And as Ammachi attracted more and more followers, I perceived a growing cult of personality and materialistic atmosphere around her which greatly agitated and offended my pronounced egalitarian inclinations and aversions to spiritual organizations emphasizing “adulation of the incarnate” over “adoration of the Infinite”.

Also, though initially I always had felt energized by Ammachi’s darshan environment, after a while subtle energies there were more and more flowing from me, rather than to me. So, unlike my experience with Guruji, I was sometimes enervated rather than elevated after Ammachi darshans. This was especially noteworthy when I visited Ammachi’s Kerala ashram in 1992.

Moreover, I ultimately learned of private behaviors associated with or sanctioned by Ammachi which contradicted and belied her outer image and public pronouncements, and which so greatly disturbed me that I began regarding her as a flawed or false guru and not as a purported divine incarnation or avatar. (see Epilogue)

But like my traumatic marriage dissolution, the traumatic dissolution of my faith in Ammachi has proven to be a great disguised blessing which sparked an important new transformative life phase of reliance on inner rather than outer authority. (see e.g. my essay “I’ve Found A Faith-Based Life”)

Epilogue.

Because I spent seven important years at Ammachi darshans I feel obliged to write about those years in fulfillment of my obligation to Shri Dhyanyogi, my beloved guru, who requested that I write and publish my spiritual memoirs.

Until now I have been reluctant to publicly share my distressing disaffection with Ammachi and her organization. I did not wish to discourage other devotees with different perspectives, some of whom are friends. But I now feel morally impelled to tell my truth, with the intention of helping others who might learn from my experience.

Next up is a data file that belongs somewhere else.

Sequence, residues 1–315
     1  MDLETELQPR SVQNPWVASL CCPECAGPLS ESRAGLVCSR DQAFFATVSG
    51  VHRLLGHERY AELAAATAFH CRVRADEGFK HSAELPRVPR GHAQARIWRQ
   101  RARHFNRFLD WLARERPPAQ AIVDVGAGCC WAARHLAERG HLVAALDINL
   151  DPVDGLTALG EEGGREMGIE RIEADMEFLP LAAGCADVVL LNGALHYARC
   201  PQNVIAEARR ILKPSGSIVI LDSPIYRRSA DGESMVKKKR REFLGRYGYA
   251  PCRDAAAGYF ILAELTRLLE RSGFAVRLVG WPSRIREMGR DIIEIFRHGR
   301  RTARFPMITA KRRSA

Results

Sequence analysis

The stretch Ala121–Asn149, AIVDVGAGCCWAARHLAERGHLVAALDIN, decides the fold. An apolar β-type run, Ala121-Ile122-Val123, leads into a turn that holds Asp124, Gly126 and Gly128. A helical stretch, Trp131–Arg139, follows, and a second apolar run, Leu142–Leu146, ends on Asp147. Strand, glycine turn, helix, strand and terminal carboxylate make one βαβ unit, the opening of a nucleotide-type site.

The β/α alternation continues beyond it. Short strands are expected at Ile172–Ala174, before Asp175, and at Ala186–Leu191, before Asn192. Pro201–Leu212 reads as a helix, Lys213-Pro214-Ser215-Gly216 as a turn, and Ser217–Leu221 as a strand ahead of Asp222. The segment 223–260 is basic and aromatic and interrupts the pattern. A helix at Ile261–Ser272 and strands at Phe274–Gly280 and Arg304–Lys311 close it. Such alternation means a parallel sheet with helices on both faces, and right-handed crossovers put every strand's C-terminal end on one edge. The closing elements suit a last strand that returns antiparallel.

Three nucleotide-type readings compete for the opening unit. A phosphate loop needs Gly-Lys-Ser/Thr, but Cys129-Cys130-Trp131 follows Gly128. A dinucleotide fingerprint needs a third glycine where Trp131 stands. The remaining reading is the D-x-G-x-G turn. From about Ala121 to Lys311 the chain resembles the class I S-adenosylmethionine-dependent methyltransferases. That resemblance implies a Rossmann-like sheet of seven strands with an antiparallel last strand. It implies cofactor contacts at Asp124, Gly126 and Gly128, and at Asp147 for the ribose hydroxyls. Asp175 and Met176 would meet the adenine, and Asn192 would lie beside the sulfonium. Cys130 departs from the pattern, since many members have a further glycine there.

Moreover, I feel morally impelled to share elsewhere my observations which support credibility of a recently published critical book about Ammachi.

Gail Tredwell (aka “Gayatri” or “Swamini Amritaprana”), who for twenty years was Ammachi’s revered first and closest Western female devotee, has just published a memoir entitled “Holy Hell, A Memoir of Faith, Devotion and Pure Madness” containing many shocking but credible revelations.

Some of Gail’s revelations are consistent with my observations and corroborate an incident which was my “last straw” with Ammachi, to be explained in another memoirs chapter. Moreover, some of her credible revelations are so shocking that I feel they should be seriously considered by those who may be contemplating relationships with Ammachi and her organization, or with other hierarchical religious or spiritual organizations.

As a long-time former litigation attorney deeply dedicated to social justice and with skills in evaluating credibility of witnesses, I read Gail’s book, initiated extended phone conversations with her, and discussed her allegations with other yet anonymous witnesses. I have found Gail to be a sincere, honest and accurate percipient witness.

Nonetheless, the MA Centers organization has attacked Gail’s character by asserting that she is “a troubled individual” whose writings are “completely untrue and without a basis in fact or reality”. Since I am quite convinced that Gail’s memoirs are absolutely true, I find deeply offensive an ad hominem attack on her by those to whom she selflessly dedicated much of her adult life, and I feel dharmically impelled to support Gail’s credibility.